South Australia's leading doctors' groups have warned the state's rural towns will "wither and die" because of the state government's refusal to support rural general practitioners.
Australian Medical Association of SA and the Rural Doctors Association of SA over several months have called for a comprehensive, long-term agreement for rural GPs.
The groups say they have unsuccessfully engaged with the Department for Health and Wellbeing's Rural Support Services (RSS) seeking an outcome.
They say the rural health situation is reaching crisis point.
The three current associate doctors of the Kangaroo Island Medical Clinic took the extraordinary step of publishing a half page letter in The Islander newspaper this week calling for action.
"It has become clear that the medical workforce across rural and remote Australia is in crisis, and Kangaroo Island is no different; the situation here is only part of a wider problem," the letter reads.
"It is becoming harder and harder to recruit doctors to rural areas like ours and we must be realistic: it is only going to get harder."
You can read the full letter from the KI doctors below.
Rural Doctors Association of SA says GPs, in addition to their general practice work in primary care, are contracted by their local public hospitals to perform essential services.
These include such duties as staffing emergency departments, and providing critical inpatient, surgical and post-operative care; and supporting obstetrics patients.
AMA(SA) and RDASA last week received a response from the Department for Health and Wellbeing's Rural Support Services (RSS) and the regional Local Health Networks that they have described as "unacceptable and deeply inadequate".
The associations are strongly urging RSS to reconsider its response.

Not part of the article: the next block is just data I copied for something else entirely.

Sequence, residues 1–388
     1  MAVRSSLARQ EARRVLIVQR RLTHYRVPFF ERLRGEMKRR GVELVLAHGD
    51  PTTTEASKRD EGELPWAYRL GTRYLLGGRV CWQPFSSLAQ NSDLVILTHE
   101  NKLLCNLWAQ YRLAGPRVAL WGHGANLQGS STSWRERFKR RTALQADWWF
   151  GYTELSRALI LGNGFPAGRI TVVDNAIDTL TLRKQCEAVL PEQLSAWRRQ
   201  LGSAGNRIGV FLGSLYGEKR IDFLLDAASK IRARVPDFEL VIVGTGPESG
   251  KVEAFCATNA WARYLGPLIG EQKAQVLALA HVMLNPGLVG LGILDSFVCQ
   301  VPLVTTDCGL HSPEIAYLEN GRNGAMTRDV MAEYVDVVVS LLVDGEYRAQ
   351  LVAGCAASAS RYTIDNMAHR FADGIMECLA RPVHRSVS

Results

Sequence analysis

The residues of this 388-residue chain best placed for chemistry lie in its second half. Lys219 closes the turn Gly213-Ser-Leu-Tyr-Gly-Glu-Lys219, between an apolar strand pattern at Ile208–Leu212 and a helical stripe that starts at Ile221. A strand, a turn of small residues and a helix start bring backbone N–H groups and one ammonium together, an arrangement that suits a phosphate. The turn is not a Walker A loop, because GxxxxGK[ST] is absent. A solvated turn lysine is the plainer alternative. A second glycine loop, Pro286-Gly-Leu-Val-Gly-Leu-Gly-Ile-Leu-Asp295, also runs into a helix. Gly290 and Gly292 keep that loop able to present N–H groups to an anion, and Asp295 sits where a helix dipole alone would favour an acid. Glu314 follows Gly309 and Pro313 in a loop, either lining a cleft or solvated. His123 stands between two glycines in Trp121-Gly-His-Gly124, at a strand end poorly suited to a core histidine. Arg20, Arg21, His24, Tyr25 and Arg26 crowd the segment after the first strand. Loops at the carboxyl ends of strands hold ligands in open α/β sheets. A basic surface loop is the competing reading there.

AMA(SA) and the RDASA say they sought an agreement that reflects the high workload that rural GPs experience and the regular out-of-hours care they provide their patients and communities through regional hospitals, in addition to their general practice commitments.
They wanted from RSS a package of remuneration, conditions and professional development support that responds to the current and future circumstances confronted by rural doctors.
The previous three-year agreement expired on November 30, 2020.
Country GPs speak out
AMA(SA) vice president and Port Lincoln GP, Dr John Williams said after months of engagement with RSS, the AMA(SA) and RDASA "had expected a reasonable and workable response from the RSS to our responsible offer".
"Our offer was designed by rural GPs to acknowledge our work, inject new life into the shrinking rural GP workforce and support country communities through their rural hospitals," Dr Williams said.
"What we received has led to complete despair and frustration among rural doctors.
"Instead of responding with a realistic solution, RSS has rejected our suggestions, which would fix the rural doctor workforce crisis, make workable SA Health's own Rural Health Workforce Strategy, and demonstrate SA Health's commitment to the health of South Australians living outside metropolitan Adelaide.
"RSS knows there is a rural community health crisis across South Australia yet continues to make it impossible to attract and retain GPs and GPs in training.
"It seems the South Australian Government is willing to let South Australian towns wither and die as residents lose yet another essential service."
RDASA president and Murray Bridge GP, Dr Peter Rischbieth said the doctors' suggestions were aimed at fixing a crisis that many rural South Australian communities in the past 10 years had lead to "their emergency departments on bypass, their maternity units close and a mass exodus of highly skilled GPs from regional South Australia".
"Many practices are crying out for more GPs to support their primary care clinics and to also provide services at their local hospitals," Dr Rischbieth said.
"We recommended to RSS a package that would reflect the care and expertise GPs provide and create an attractive environment for younger doctors looking to commit to regional South Australia, now and in the future."
Dr Rischbieth said GPs had been working on a day-to-day basis at rural hospitals since their hospital contracts expired in November.
"GPs have done this expecting their continued willingness to work tirelessly for their patients and communities - despite not having a new deal in place - would eventually be recognised by RSS.
"But this response is a slap in the face, for rural doctors and the communities they work for," Dr Rischbieth said.
"The RSS response also highlights the ineffectiveness of the decentralised model that has six Local Health Care Networks responsible for implementing State Government policy.